EDITOR’S NOTE — In 2010, the private sector ran an initiative to accomplish their prescribed radical reform — privatization — and it was resoundingly rejected by voters, in every single county in this state. Nonetheless, the 2011 Legislature immediately approved quasi-privatization “reforms” pushed by business lobbying groups. And now, before those last changes have even been fully implemented — and as the system’s finances are finally recovering from the recession-related pummeling they took — business lobbyists are pushing for MORE benefit cuts.

In this context, The Herald is suggesting that the workers’ comp demands of business groups might play a role in where Boeing decides to build the 777X?  Really!?!  I think it’s time for The Herald to look beyond the Washington’s corporate echo chamber of lobbying groups and the think tanks they fund, and get some perspective on the issue.

► In today’s Seattle Times — Boeing names leadership team for 777X — Boeing has appointed its team to lead the new 777X jet program, a further indication that a formal launch of the airplane is no more than months away.




KPLU-mcdonalds► From KPLU — Why won’t this McDonald’s move 20 feet into lower-wage Idaho? — In 2010, a group of researchers decided to test the conventional wisdom that higher minimum wages cost jobs. Bill Lester of the University of North Carolina-Chapel Hill was on the team that looked at 16 years worth of restaurant employment data for 316 pairs of border counties. Said Lester: “And when you add up all those comparisons and look at the average of all those differences in employment, the difference is zero.”

I visited a McDonalds in Newport, Wash., that is literally just across the street from Oldtown, Idaho. So, to go from a minimum wage of $9.19 to $7.25 is as easy as crossing the street. The location is so profitable for franchise owner Tim Skubitz that it didn’t occur to him to move, even when he tore down the old McDonald’s in 2011. He built a fancier new one in the same place instead of in the state right across the street with the lower minimum wage. Skibutz says wages are just one piece of a larger puzzle.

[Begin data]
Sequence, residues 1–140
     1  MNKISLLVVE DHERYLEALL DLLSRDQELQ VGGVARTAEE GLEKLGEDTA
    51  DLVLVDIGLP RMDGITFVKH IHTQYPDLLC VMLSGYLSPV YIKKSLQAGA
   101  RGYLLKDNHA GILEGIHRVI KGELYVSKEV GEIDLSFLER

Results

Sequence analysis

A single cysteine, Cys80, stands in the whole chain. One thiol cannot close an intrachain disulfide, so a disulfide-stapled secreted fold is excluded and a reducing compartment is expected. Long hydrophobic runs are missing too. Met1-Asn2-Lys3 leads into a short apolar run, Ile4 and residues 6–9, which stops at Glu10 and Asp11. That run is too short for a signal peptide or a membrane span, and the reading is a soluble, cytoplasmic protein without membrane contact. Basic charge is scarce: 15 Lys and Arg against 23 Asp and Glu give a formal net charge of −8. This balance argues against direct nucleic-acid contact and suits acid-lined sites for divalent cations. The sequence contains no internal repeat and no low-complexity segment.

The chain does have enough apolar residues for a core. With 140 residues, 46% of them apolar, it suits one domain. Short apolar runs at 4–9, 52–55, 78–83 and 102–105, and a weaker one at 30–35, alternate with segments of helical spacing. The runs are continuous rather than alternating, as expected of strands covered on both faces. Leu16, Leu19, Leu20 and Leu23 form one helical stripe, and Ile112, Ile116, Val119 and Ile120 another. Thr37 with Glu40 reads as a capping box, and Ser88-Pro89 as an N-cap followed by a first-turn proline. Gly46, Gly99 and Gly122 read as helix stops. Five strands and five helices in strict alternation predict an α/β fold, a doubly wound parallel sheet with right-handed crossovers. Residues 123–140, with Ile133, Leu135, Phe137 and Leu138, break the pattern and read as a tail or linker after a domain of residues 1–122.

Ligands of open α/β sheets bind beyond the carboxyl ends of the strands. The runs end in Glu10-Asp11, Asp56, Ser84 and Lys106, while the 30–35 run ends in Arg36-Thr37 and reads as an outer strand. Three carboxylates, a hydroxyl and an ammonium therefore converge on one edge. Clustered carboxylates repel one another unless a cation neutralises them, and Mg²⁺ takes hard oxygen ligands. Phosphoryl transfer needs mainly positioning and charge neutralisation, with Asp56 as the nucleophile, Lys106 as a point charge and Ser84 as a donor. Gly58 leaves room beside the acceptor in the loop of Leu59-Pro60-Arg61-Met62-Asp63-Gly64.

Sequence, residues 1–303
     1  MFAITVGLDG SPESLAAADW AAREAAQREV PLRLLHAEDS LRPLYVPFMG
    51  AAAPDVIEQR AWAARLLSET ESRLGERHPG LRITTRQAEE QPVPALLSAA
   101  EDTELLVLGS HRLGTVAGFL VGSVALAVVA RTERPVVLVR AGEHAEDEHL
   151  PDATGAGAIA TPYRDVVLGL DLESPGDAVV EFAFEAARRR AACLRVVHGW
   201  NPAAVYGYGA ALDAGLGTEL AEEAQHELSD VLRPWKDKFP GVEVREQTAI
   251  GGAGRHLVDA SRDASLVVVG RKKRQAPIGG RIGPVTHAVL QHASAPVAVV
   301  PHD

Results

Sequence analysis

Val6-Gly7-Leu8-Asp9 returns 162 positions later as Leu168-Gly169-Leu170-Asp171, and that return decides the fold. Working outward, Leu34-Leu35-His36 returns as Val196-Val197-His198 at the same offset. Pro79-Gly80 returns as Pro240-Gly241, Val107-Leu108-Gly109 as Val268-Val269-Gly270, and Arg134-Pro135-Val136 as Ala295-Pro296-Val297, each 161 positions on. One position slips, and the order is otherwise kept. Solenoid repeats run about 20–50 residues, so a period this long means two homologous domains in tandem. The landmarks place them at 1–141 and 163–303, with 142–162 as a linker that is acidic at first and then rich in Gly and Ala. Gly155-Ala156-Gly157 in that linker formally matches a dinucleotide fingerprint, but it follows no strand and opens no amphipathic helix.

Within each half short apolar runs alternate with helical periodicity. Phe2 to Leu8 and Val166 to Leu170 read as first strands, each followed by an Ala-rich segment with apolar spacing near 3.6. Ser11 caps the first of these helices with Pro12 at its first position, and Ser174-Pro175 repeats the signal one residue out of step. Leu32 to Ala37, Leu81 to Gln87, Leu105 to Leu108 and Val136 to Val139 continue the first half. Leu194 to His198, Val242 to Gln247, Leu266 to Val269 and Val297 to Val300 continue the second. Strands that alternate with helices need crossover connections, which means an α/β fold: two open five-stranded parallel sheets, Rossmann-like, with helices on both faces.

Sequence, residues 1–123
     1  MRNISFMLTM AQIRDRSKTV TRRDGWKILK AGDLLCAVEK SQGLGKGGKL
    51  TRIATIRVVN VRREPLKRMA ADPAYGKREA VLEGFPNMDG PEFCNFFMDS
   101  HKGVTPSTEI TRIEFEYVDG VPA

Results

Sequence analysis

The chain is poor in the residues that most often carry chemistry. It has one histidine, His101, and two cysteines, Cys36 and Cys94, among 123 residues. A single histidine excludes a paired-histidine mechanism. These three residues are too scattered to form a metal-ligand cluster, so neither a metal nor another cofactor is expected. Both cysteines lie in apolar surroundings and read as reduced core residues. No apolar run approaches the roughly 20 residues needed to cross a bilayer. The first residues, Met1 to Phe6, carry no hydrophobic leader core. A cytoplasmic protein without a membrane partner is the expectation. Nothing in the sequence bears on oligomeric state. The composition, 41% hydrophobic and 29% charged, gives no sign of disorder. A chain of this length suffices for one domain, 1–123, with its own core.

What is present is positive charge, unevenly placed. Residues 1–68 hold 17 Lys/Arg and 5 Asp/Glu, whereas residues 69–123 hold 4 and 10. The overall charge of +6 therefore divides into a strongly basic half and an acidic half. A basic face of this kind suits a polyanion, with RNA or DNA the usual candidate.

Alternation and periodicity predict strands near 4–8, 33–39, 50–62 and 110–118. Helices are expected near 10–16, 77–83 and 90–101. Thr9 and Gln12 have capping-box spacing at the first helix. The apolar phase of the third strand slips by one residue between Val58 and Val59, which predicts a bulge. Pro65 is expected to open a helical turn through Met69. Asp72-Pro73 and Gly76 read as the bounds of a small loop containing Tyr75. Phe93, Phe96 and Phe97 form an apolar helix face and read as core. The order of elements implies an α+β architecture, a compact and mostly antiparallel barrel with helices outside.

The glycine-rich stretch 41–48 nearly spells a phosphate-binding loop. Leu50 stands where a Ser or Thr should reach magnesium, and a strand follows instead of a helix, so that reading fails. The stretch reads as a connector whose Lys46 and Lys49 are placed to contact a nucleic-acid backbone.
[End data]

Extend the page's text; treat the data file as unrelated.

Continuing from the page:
► In today’s Columbian — C-Tran prepares special CRC meeting — The C-Tran Board of Directors will meet face-to-face Tuesday with Columbia River Crossing officials as the transit agency approaches a major decision point on its role in the controversial megaproject.




► In today’s Daily News — Six St. John nurses receive excellence awards — St. John Medical Center honored six nurses with nursing excellence awards Friday to commemorate National Nurses week last week.

► Also in today’s Daily News — Needle in bra pricks St. John nurse after arrest; suspect may have Hepatitis C

ALSO at The Stand:
‘Spokane Loves Our Nurses’ ads urge fair Providence contract
Tacoma Loves Our Nurses: Share your stories at new website